Cassedy Commission.In recognition of the superb leadership provided by Marshall Cassedy, who served The Florida Bar as executive director from 1961 through 1980, this commission was formed shortly after Mr. Cassedy’s passing earlier this year. The commission studied appropriate ways to memorialize Mr. Cassedy’s contributions. Commission members included Burton Young and retired Justice Major Harding as co-chairs, Marshall Criser, Reece Smith, David Shear, and Gwynne Young. The commission submitted its recommendations to Board of Governors at its meeting on May 18.
The Florida Bar Convention. I am indebted to Co-chairs Juliet Rhoulac and Lanse Scriven for their fine work in chairing the Bar’s annual showcase event, The Florida Bar Convention. Convention programming, including child friendly opportunities, continues to expand, and I want to commend their leadership. I hope each member will consider attending the convention.
Board of Governors Committees. The board’s committees have again been extremely productive this year, and I want to emphasize particular achievements.
Program Evaluation Committee. Led by Chair Jay Cohen and Chair-elect John Stewart, the PEC Committee reviewed multiple program initiatives including renaming the Judicial Independence Committee to the Constitutional Judiciary Committee. The name change received considerable scrutiny and was implemented to underscore that the role of the courts, in being independent of the other branches of government, stems from the constitutional placement of the judiciary as conceived by James Madison and Thomas Jefferson. In addition, the PEC Committee endorsed allowing a president to appoint on a periodic basis a government lawyer to serve the Board of Governors in a nonvoting ex officio capacity — similar to the role fulfilled by representatives of the Florida Association of Women Lawyers, Cuban American Bar Association, and National Bar Association.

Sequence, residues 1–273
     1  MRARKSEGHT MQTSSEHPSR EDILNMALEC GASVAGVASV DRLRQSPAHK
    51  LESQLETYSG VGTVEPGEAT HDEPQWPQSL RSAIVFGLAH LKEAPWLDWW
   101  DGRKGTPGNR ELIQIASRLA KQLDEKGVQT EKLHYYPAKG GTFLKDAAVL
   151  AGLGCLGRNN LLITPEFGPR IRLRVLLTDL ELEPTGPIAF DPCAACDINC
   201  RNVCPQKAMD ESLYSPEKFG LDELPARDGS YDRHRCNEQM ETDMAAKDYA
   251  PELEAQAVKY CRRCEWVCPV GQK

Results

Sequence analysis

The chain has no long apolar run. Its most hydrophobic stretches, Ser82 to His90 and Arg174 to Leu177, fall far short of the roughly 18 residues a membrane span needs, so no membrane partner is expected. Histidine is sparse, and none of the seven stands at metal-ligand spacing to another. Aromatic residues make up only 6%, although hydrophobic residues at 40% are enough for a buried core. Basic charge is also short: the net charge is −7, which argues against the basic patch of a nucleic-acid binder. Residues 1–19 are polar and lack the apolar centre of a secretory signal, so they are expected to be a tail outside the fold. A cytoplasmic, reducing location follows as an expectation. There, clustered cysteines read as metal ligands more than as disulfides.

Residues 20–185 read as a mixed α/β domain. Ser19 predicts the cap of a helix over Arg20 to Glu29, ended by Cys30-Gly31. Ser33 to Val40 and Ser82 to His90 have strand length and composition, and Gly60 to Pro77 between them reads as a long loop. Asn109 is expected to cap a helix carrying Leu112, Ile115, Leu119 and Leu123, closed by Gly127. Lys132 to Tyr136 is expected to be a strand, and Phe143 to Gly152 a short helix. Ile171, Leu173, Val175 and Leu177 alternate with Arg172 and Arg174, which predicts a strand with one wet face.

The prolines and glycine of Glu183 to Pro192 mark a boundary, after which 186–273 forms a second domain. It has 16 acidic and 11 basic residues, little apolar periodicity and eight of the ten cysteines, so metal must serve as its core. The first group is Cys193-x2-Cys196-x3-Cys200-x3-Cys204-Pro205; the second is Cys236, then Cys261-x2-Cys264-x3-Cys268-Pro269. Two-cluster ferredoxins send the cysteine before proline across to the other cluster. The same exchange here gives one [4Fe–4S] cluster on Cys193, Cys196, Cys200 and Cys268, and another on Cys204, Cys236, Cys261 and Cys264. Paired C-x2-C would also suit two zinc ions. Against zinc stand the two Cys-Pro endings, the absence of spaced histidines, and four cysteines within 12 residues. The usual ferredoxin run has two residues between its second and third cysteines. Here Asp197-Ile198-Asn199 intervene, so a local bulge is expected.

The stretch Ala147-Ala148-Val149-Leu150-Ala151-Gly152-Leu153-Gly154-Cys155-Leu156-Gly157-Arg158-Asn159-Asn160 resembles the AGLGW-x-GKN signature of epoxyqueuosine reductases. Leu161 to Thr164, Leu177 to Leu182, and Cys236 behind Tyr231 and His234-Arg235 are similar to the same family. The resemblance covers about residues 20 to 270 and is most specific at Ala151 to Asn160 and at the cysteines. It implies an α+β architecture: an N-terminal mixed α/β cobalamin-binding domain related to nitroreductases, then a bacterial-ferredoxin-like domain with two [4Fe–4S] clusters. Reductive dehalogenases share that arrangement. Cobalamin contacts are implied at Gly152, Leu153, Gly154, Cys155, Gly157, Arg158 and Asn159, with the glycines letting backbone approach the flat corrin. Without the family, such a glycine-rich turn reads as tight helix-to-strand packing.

Legislative Committee. Led this year by Chairs Ed Scales and Ramon Abadin and Chair-elect Laird Lile, the Legislative Committee helped to successfully promote a mechanism for stabilizing court funding. In addition, it is noteworthy that again the budget for Florida’s judicial branch was not reduced. Several from inside and outside The Florida Bar engaged in these efforts and I want to hail the fine work of committee leadership. Given the work of the last several years, The Florida Bar is well positioned to be a continued strong and credible voice for the courts.